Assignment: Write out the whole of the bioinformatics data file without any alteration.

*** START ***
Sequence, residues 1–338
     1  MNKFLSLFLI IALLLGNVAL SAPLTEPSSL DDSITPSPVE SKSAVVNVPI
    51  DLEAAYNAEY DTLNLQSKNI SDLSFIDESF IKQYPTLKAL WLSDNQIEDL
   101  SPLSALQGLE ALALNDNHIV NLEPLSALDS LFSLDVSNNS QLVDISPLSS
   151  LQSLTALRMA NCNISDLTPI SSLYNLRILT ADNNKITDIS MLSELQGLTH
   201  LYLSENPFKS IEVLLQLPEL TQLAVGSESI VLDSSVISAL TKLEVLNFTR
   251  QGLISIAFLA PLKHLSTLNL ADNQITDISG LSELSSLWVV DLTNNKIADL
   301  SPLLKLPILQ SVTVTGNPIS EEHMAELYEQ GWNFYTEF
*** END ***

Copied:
Sequence, residues 1–338
     1  MNKFLSLFLI IALLLGNVAL SAPLTEPSSL DDSITPSPVE SKSAVVNVPI
    51  DLEAAYNAEY DTLNLQSKNI SDLSFIDESF IKQYPTLKAL WLSDNQIEDL
   101  SPLSALQGLE ALALNDNHIV NLEPLSALDS LFSLDVSNNS QLVDISPLSS
   151  LQSLTALRMA NCNISDLTPI SSLYNLRILT ADNNKITDIS MLSELQGLTH
   201  LYLSENPFKS IEVLLQLPEL TQLAVGSESI VLDSSVISAL TKLEVLNFTR
   251  QGLISIAFLA PLKHLSTLNL ADNQITDISG LSELSSLWVV DLTNNKIADL
   301  SPLLKLPILQ SVTVTGNPIS EEHMAELYEQ GWNFYTEF